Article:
Spherix Global Insights

November 16, 2022

The Importance of Advocacy and Community Allyship

The World Health Organization (WHO) estimates that at least 2.2 billion people globally have a near or distance vision impairment. In at least 1 billion – or almost half – of these cases, vision impairment could have been prevented or has yet to be addressed.1

The majority of people with vision impairment and blindness are over the age of 50 years old; though vision loss can affect people of all ages. Of those with preventable low vision impairment, leading causes include unaddressed refractive errors, cataracts, age-related macular degeneration, diabetic retinopathy, and glaucoma.1

Vision impairments can severely impact a person’s quality of life and rob individuals of their independence, leading to low rates of workforce participation, reduced productivity, and high rates of anxiety and depression. As one ages, vision impairments can lead to higher risks of falls and injury, social isolation, and the potential for an early entry into a nursing home or care facility.2

However, there are ways to help people living with low vision so they can continue to lead full and rich lives. For over 90 years, the Vision Resource Center of Berks County (VCR) has helped prevent blindness, increase awareness of vision-related health issues, and enabled visually impaired residents to lead independent and productive lives within the community.3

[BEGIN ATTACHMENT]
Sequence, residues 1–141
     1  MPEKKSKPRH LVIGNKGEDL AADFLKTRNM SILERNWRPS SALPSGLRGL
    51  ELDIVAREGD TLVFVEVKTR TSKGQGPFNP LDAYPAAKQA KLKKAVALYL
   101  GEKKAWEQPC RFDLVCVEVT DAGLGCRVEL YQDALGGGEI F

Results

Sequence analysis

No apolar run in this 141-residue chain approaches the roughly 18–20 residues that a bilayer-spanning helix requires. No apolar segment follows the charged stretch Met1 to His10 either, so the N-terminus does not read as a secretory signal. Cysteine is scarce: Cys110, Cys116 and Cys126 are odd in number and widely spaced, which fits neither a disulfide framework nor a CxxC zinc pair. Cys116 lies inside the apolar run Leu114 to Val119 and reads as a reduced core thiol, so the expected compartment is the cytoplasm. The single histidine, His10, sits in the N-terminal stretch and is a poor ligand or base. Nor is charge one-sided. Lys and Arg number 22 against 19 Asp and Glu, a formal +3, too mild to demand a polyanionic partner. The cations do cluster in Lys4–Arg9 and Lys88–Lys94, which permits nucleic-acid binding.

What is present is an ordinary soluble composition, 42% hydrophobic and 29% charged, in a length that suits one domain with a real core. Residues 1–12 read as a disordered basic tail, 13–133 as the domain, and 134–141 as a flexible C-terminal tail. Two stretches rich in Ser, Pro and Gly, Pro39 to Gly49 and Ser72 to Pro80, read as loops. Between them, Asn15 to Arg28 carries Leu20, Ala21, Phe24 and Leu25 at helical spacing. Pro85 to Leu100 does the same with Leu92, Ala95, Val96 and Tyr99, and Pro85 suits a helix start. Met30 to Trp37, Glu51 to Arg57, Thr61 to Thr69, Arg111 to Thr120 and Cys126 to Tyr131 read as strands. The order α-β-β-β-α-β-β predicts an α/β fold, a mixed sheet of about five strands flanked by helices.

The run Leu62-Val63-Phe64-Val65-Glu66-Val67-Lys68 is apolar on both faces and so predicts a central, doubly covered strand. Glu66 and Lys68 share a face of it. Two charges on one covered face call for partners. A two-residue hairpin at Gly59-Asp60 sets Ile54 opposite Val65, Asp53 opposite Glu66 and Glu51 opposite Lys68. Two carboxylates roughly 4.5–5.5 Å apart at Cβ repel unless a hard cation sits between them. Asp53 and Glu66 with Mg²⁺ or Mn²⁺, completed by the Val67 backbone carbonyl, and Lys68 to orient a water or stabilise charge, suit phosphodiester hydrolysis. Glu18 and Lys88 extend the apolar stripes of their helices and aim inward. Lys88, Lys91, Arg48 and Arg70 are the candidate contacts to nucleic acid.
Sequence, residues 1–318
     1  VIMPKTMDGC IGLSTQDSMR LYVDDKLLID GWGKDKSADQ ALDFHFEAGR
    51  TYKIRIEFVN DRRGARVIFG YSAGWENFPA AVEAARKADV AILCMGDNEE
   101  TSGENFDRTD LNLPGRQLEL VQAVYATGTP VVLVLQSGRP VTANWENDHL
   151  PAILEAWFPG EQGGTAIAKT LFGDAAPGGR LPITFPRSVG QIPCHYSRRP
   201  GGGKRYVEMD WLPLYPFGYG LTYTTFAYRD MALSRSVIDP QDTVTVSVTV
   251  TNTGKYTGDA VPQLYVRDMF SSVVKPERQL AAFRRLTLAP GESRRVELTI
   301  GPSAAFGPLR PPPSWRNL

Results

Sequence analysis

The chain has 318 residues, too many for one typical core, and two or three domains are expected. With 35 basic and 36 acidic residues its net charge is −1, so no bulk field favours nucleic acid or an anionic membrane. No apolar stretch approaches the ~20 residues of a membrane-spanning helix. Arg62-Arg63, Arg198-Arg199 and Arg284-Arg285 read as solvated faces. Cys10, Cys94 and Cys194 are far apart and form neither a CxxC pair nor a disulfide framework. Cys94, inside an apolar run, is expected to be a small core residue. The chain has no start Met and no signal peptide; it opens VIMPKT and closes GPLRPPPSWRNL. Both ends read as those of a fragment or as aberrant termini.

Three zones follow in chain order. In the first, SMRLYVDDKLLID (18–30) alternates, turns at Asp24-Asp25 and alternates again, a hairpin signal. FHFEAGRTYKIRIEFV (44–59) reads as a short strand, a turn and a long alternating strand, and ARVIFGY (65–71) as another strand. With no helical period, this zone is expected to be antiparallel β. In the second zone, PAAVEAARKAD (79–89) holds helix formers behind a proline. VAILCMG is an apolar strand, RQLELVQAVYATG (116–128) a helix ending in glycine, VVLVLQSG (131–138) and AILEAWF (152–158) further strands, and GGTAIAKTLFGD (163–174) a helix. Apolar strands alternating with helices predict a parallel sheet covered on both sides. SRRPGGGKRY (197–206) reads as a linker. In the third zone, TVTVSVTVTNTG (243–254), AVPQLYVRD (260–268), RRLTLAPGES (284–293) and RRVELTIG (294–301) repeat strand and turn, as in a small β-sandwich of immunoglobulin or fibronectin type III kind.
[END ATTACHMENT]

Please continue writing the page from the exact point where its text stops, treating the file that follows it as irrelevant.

Today, I had the honor of joining the Board of VCR, an organization that provides 400 direct services to the visually impaired across Berks County Pennsylvania and has conducted over 3,000 Children’s sight screening services in the community. VCR is a member of the Pennsylvania Association of the Blind, the Northeast Berks Chamber of Commerce, and the Greater Reading Chamber of Business and Industry.3

I look forward to the next two years partnering with this amazing organization to help improve the lives of the visually impaired across the county.

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